The present painting includes an early example of Bacon's use of the full-length, turning figure in his paintings. While the present work clearly positions its sitter at the center of a brightly-colored and oddly-shaped room, it also generates multiple ambiguities as the violent distortions and displacements in the human figure are echoed in the symmetrical, though seemingly precarious, curvatures of both floor and walls. Moreover, even the primary articulation of the room is unclear: the aperture which frames Dyer's head may be either a window or a door, or as suggested by a related painting of the same year, Portrait of George Dyer Staring at a Blind Cord, a photograph pinned against the back wall. The ominous lightbulb suspended above Dyer's head heightens the pervasive feeling of instability in this interior.
Bacon always executed his portraits from photographs or from memory, even when he had direct access to his subjects. Bacon stated, "Even in the case of friends who will come and pose, I've had photographs taken because I prefer working from them. It's true to say I couldn't attempt to do a portrait from photographs of somebody I didn't know. But, if I both know them and have photographs of them, I find it easier to work than actually having their presence in the room. . . . What I want to do is to distort the thing beyond appearance, but in the distortion to bring it back to a recording of the appearance" (Quoted in D. Sylvester, Interviews with Francis Bacon, London, 1980, pp. 38).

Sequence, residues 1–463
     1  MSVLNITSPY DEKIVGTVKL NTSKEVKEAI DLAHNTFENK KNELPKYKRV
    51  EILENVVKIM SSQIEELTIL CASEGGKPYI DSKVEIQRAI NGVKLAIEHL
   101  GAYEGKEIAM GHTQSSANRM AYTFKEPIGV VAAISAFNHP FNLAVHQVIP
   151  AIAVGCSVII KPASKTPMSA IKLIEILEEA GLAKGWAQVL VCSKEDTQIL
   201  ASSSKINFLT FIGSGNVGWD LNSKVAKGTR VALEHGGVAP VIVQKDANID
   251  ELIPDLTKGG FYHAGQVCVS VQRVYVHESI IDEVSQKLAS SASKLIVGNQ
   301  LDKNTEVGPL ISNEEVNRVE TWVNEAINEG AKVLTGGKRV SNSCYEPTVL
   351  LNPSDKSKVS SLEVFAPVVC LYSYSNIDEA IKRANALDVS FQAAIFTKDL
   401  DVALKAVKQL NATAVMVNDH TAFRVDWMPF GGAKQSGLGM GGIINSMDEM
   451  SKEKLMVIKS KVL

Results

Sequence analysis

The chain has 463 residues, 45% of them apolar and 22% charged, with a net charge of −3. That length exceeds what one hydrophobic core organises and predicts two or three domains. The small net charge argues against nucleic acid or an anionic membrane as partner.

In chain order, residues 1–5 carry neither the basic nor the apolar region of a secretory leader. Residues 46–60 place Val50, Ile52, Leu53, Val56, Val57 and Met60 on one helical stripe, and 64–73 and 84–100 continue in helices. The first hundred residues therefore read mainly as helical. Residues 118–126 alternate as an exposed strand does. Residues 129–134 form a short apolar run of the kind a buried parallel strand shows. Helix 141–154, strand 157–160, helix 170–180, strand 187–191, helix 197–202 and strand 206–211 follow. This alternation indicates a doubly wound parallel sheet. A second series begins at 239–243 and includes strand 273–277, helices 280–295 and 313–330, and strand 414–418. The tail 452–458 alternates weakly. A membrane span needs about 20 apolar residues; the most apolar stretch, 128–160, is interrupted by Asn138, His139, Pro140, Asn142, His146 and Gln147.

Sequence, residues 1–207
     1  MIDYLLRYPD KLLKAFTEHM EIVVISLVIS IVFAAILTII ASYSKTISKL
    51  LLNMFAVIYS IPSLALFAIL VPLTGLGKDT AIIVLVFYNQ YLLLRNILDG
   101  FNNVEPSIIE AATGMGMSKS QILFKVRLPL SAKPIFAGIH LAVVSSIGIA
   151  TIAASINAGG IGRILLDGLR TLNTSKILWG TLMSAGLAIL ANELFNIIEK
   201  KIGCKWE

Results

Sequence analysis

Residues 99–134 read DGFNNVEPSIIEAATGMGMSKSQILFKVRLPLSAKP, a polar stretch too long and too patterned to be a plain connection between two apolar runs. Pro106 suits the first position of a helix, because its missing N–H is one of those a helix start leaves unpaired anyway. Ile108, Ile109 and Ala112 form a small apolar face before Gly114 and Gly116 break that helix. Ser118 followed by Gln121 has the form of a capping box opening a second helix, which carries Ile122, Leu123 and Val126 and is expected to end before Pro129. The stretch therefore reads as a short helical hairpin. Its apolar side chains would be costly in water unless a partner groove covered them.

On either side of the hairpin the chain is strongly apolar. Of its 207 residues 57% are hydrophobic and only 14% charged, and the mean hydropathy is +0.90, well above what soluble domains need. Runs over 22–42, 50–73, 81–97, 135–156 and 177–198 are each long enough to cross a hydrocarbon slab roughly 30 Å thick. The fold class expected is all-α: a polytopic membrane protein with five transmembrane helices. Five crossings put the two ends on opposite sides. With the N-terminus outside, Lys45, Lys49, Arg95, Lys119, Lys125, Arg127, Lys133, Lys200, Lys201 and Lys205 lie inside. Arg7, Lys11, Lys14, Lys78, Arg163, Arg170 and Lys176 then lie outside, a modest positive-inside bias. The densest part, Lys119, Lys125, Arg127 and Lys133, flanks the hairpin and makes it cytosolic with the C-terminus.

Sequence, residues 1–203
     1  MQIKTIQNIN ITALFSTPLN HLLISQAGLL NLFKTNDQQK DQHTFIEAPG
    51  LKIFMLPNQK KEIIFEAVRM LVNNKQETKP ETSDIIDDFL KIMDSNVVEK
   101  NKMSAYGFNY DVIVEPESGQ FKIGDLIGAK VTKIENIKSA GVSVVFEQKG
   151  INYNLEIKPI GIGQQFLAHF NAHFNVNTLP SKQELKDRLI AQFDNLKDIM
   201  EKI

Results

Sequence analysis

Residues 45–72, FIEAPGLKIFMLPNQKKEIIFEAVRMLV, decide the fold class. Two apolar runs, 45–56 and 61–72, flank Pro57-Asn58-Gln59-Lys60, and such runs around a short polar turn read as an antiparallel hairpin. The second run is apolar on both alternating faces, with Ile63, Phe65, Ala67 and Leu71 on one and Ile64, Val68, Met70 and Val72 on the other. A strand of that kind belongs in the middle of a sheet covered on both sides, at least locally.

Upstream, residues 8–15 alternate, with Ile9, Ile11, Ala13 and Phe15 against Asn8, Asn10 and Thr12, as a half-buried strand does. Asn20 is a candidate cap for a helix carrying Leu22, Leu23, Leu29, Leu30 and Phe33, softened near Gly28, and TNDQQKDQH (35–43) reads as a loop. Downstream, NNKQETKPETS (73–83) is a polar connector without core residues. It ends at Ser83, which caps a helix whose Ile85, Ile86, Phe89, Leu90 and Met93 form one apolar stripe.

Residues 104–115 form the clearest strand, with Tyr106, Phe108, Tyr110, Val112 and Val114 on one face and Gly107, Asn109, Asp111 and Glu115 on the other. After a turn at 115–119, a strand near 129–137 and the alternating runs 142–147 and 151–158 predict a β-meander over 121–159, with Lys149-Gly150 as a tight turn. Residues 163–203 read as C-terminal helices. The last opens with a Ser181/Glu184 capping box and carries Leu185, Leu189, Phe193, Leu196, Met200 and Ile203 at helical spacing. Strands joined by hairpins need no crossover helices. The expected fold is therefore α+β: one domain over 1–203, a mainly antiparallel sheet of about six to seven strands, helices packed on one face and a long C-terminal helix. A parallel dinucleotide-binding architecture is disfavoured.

The present painting, in fact, twists tradition in multiple, provocative ways. Bacon was influenced deeply by Edward Muybridge's famous studies of human locomotion. In most images of Dyer, Bacon offers several views at once of this figure, providing an additional suggestion of movement through multiplication, either by literal doubling or mirror reflections. The present painting indicates motion more conceptually and confines any activity to the figure's violated anatomy; the only other movement rests in the pile of papers, scattered perhaps by the revolution of Dyer's stool.

The colors in the present painting seem to reflect the bright colors of 1960s fashion and interior design (Bacon's first choice of profession was interior and furniture design), but the composition and central figure suggest a return to art-historical sources, specifically works of the Italian Renaissance. There are echoes of paintings such as Piero della Francesco's famous Madonna in the Pinacoteca Brera in Milan in which an egg hangs from the cupola above the virgin's head. However, even more forceful is Bacon's portrayal of Dyer's twisted and contorted form: his pose, through its insistent torsion, recalls the restrained torsion of Michelangelo's slaves. This visual connection relates to John Russell's description of Dyer: "A compact and chunky force of nature, with a vivid and highly unparsonical turn of phrase, he embodied pent-up energy. As a spirit of mischief, touched at times by melancholia, he had been the subject, and the inspiration of some of Bacon's greatest images" (J. Russell, op. cit., p. 160).

(fig. 1) Umberto Boccioni, Unique Forms of Continuity in Space, 1913.

(fig. 2) Dyer in Bacon's Studio. Photograph by John Deakin.